The communal garden of approx. 3500 m² is used as a meeting point, offering not only a place to relax but also the opportunity to garden and harvest. The loose grove of fruit trees and the flowering meadows create a free, serene atmosphere. A garden house near the raised beds and the lawn creates a spatial anchor point, providing space for garden tools and movable furniture. Here, vegetables are cleaned, honey is extracted and juice is pressed together in autumn. The chosen plants attract insects and animals, thus reinforcing the character of the large, shared garden: consciously different from floodplain and actively cultivated by all 340 residents. 

To fulfill the systematization requirements of a garden city, the design consists of small series-buildings. While the outdoor space is a large form, the buildings are of medium size. In all five houses, the same flat types are grouped together; horizontally and—in the case of the larger ones, vertically—thus creating maximum repetition in the buildings. The garden houses are designed contextually; developed from the site, each with its own garden interpretation. The entire complex forms an encyclopedia of garden types and corresponding dwellings. The black pine house looks out into the forest and forms the main gateway to the courtyard. Bikes and cars are parked under the house, while the apartments above take on the quality of tree houses floating above the garden. To the North, staggered row houses feature extroverted gardens facing onto the floodplain, exemplifying private garden life. The conservatory house celebrates communal spaces with a framed roof terrace and a double facade. This envelope creates a buffer where exotic plants can grow year-round. The courtyard houses have the most radical reference to the garden, with living rooms at ground level, opening onto the introverted courtyard. Finally, the flower house crowns the yard. It is designed as a large cluster house of connectable individual flats, all with views into the park. The communal roof garden makes it a green beacon, while at the ground floor, a kiosk serves the park ice cream and lemonade.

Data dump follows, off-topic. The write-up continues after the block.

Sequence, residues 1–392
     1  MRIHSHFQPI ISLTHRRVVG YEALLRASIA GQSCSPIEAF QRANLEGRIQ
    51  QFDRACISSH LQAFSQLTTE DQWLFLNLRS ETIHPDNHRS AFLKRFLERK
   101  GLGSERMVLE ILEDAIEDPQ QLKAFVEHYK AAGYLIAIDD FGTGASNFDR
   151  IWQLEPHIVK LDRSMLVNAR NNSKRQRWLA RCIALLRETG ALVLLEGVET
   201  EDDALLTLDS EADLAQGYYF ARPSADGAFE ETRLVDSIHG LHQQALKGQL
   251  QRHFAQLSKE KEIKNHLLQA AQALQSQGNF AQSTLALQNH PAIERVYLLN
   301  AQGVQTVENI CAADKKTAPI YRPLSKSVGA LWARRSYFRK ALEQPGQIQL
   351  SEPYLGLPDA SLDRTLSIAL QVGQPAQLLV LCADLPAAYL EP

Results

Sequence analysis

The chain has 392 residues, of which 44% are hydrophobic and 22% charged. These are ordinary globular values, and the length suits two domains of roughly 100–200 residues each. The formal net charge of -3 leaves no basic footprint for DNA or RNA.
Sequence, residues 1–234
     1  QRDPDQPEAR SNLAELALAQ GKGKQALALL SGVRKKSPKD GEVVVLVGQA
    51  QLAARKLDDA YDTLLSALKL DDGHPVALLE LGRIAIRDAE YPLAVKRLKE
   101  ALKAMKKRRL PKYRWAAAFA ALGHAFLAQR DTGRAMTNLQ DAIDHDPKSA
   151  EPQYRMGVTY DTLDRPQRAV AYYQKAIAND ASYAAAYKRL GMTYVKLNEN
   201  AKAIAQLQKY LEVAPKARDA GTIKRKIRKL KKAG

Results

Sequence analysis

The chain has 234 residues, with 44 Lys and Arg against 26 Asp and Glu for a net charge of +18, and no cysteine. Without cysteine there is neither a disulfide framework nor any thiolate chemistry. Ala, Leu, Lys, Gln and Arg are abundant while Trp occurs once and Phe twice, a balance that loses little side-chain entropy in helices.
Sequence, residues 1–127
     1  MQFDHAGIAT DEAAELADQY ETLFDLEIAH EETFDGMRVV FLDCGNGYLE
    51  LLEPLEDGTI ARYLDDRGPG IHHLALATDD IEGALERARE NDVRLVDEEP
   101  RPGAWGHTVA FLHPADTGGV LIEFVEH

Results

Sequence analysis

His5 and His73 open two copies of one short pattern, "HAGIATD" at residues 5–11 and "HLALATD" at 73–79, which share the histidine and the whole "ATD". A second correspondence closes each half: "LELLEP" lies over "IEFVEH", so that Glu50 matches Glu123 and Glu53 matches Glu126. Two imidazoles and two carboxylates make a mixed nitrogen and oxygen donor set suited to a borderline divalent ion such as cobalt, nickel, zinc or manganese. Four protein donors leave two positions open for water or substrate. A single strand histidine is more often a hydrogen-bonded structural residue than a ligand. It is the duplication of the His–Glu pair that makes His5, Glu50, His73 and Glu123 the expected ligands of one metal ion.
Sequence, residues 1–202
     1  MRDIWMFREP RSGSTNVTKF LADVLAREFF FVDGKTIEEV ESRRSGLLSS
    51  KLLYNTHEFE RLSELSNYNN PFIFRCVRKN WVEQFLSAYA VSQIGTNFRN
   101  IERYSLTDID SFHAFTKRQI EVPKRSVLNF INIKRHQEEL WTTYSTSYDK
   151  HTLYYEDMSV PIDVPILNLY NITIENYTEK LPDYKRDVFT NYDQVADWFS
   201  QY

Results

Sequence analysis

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058 Das Bauhaus kommt aus Weimar Exhibition Design, Weimar 2009 – BeL & Meyer Voggenreiter Projekte

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status: completed
program: exhibition design
location: Neues Museum, Bauhaus Museum, Goethe Museum, Schiller Museum, Weimar
architecture: BeL & meyer voggenreiter projekte
team: Anne-Julchen Bernhardt, Jörg Leeser, Adria Daraban, Claudia Hoffmann, Philipp Schneider, Meyer Voggenreiter, Wolfgang Zeh
graphic design exhibition, catalogue, internet: Goldwiege, Weimar
graphic design panorama Bauhaus museum: Are We Designer, Cologne
net floor area: 3.400 m2
client: Klassik Stiftung Weimar
date: April 2009

To occasion the 90th anniversary of the foundation of the Bauhaus, the Foundation of Weimar Classicism is organizing a large Bauhaus exhibition: 4 locations, 3400 m2, 1200 objects, one exhibition, one city: ‘Das Bauhaus kommt aus Weimar’ (The Bauhaus is from Weimar), April 1 - July 5, 2009. The exhibition architecture includes both the interior of the four museums - Bauhaus, Goethe, Schiller and Neues Museum - and connects the 4 exhibition locations to one another.